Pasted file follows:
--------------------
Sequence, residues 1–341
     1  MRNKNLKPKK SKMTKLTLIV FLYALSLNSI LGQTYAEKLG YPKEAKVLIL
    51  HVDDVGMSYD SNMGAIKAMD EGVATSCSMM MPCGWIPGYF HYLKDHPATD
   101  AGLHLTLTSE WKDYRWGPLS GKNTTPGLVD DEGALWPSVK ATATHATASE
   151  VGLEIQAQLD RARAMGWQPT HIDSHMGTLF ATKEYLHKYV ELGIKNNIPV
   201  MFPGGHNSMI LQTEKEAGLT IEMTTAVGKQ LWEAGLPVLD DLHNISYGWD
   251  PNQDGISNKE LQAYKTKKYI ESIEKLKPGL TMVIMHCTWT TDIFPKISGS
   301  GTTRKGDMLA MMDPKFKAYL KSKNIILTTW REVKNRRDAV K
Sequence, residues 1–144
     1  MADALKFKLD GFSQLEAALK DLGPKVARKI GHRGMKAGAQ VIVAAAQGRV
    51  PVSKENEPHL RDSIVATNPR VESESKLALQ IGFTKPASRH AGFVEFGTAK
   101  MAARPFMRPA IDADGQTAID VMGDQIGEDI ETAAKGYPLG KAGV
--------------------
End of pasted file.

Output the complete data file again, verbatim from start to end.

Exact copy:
Sequence, residues 1–341
     1  MRNKNLKPKK SKMTKLTLIV FLYALSLNSI LGQTYAEKLG YPKEAKVLIL
    51  HVDDVGMSYD SNMGAIKAMD EGVATSCSMM MPCGWIPGYF HYLKDHPATD
   101  AGLHLTLTSE WKDYRWGPLS GKNTTPGLVD DEGALWPSVK ATATHATASE
   151  VGLEIQAQLD RARAMGWQPT HIDSHMGTLF ATKEYLHKYV ELGIKNNIPV
   201  MFPGGHNSMI LQTEKEAGLT IEMTTAVGKQ LWEAGLPVLD DLHNISYGWD
   251  PNQDGISNKE LQAYKTKKYI ESIEKLKPGL TMVIMHCTWT TDIFPKISGS
   301  GTTRKGDMLA MMDPKFKAYL KSKNIILTTW REVKNRRDAV K
Sequence, residues 1–144
     1  MADALKFKLD GFSQLEAALK DLGPKVARKI GHRGMKAGAQ VIVAAAQGRV
    51  PVSKENEPHL RDSIVATNPR VESESKLALQ IGFTKPASRH AGFVEFGTAK
   101  MAARPFMRPA IDADGQTAID VMGDQIGEDI ETAAKGYPLG KAGV